Milpitas-based STEM nonprofit Science Buddies has been awarded a $25,000 grant from the Battelle NEON STEM Grant Program. NEON, the National Ecological Observatory Network, is an ecological observation facility sponsored by the National Science Foundation and managed and operated by nonprofit research and development company, Battelle. NEON provides climate and atmospheric information for educational purposes.
The $25,000 grant will provide Science Buddies with weather and climate information data from sites nationwide, including ones right here in the Silicon Valley. The information provided by NEON includes numbers on soil, water, disease distribution, and animal migratory patterns, among other things. In the case of Science Buddies, the data will be used for teachers and other adults working in the K-12 system on projects devoted to studying the world around them.
“We’re always looking for ways to give students a fun and engaging way to explore science,” said Tina Lanese, Senior Vice President of Science Buddies. “We try to make science accessible to all students. Data sets can be a way to give them that access.”
Students who use NEON’s data through Science Buddies won’t have to gather the data themselves, which is often a costly and complicated process for schools to arrange. Instead, students will have information like mosquito populations and teachers will have lesson plans right at their fingertips.
Science Buddies, founded by engineer-philanthropist Kenneth Hess in 2001, provides free science-related activities and experiments for K-12 students and their parents and guardians. Science Buddies most recently hosted St. John’s School’s first STEM Fair last spring, allowing students to build everything from robots to radishes and show them off to the public.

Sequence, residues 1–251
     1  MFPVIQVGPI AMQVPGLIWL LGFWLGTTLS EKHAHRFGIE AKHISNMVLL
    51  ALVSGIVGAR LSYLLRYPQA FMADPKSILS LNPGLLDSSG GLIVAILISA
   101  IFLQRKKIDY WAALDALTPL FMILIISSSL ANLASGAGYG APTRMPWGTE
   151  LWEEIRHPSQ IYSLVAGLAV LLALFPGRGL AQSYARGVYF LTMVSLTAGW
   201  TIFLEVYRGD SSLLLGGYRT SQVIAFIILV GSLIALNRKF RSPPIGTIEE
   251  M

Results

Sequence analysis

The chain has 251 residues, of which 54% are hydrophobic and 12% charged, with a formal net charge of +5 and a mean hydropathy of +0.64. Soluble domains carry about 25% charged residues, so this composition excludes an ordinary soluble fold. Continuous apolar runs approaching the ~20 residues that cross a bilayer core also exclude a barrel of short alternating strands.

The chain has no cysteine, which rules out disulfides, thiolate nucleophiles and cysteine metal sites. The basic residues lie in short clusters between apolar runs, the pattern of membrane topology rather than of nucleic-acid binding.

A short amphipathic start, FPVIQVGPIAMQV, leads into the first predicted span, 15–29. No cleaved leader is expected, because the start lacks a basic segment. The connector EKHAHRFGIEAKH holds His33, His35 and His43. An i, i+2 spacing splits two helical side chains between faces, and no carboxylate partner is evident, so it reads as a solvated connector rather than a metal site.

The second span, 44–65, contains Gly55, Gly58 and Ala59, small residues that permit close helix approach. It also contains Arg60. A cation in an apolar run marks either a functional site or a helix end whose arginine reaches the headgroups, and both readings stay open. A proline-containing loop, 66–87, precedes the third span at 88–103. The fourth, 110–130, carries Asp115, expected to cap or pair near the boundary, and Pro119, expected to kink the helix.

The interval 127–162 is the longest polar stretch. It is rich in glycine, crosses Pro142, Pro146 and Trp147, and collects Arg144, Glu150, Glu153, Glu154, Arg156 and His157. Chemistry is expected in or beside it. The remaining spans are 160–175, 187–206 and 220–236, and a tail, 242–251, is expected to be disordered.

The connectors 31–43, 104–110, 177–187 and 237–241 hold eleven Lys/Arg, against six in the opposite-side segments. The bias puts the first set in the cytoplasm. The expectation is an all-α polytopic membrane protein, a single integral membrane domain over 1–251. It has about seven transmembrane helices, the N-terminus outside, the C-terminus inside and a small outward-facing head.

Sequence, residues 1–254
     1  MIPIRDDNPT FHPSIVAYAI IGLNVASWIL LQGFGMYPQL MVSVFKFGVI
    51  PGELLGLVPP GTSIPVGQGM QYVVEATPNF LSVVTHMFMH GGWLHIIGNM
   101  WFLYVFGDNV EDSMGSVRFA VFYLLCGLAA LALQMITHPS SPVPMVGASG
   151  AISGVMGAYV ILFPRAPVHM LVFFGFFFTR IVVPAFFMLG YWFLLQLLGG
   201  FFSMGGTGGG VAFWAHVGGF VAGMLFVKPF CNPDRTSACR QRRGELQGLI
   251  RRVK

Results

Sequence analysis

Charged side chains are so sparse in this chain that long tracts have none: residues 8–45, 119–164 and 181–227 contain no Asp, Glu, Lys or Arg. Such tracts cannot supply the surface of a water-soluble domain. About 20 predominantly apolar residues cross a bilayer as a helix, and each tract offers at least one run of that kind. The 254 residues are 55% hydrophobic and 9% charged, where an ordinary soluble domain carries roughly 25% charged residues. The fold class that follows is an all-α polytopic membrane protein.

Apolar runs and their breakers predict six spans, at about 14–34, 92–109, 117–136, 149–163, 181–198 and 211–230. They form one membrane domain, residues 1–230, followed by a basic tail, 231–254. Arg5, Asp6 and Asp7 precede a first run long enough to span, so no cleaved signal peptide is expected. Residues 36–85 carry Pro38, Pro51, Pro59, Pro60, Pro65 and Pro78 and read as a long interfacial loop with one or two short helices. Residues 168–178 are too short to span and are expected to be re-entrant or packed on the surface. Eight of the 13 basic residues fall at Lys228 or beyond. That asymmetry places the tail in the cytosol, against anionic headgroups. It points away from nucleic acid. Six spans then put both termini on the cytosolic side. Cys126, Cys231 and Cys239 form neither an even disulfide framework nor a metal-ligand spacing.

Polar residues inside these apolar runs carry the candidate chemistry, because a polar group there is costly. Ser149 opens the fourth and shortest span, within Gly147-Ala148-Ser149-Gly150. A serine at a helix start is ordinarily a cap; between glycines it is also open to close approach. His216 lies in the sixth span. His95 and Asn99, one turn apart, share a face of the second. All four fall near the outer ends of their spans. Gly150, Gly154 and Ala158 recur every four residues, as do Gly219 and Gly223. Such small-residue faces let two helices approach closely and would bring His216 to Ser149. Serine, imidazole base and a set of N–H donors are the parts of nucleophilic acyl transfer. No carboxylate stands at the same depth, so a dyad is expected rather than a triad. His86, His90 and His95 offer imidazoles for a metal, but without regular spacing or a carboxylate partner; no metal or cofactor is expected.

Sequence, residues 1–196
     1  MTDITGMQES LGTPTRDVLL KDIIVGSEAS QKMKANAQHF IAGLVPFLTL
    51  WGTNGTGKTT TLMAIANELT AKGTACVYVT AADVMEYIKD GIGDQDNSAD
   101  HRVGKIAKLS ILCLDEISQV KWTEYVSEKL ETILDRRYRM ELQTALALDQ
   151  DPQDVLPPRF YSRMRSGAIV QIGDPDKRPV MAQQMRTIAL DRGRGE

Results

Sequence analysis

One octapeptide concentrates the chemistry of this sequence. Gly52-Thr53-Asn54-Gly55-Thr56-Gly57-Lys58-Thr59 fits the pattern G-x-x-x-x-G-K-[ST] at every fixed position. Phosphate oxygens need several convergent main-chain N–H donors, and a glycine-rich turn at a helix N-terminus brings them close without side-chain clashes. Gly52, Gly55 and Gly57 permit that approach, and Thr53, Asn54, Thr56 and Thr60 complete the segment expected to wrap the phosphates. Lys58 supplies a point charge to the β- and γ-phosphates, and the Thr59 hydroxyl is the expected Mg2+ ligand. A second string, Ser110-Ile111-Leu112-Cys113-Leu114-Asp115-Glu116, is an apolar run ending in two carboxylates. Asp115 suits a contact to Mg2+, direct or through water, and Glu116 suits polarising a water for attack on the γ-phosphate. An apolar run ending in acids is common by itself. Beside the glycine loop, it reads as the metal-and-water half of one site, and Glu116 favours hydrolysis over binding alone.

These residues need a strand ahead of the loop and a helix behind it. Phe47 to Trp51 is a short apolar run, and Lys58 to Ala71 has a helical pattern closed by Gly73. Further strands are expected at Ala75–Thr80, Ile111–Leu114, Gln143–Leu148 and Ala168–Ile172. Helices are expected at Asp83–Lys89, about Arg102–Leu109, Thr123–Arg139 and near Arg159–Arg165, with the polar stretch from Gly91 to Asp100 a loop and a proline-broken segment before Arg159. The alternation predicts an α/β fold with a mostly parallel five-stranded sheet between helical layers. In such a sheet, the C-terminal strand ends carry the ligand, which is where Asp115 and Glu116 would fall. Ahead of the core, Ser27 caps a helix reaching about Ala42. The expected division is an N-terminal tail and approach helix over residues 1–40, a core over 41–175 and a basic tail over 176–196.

Several Milpitas schools already use some of Science Buddies’s curriculum, including Calaveras Hills High School, Anthony Spangler Elementary School, and Merryhill School.
Lanese says the money from this grant will help students across the country better understand the value of STEM education. The climate data will give educators ideas for weather- and climate-related activities both in and out of the classroom.
“What’s critical and exciting is students know what STEM concepts are and put them through practice through experimentation,” said Lanese. “That’s where we come in. They’re learning by doing.”
To learn more about Science Buddies, you can visit their website here.
To learn more about Battelle’s grant program, you can visit their website here.